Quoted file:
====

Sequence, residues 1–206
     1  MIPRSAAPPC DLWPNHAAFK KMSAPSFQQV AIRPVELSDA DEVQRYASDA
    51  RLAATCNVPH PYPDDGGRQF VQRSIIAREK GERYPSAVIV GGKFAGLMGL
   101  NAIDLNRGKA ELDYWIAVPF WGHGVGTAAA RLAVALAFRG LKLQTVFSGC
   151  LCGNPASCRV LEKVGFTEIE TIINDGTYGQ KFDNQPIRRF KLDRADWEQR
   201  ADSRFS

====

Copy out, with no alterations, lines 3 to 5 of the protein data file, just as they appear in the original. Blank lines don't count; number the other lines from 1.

    51  RLAATCNVPH PYPDDGGRQF VQRSIIAREK GERYPSAVIV GGKFAGLMGL
   101  NAIDLNRGKA ELDYWIAVPF WGHGVGTAAA RLAVALAFRG LKLQTVFSGC
   151  LCGNPASCRV LEKVGFTEIE TIINDGTYGQ KFDNQPIRRF KLDRADWEQR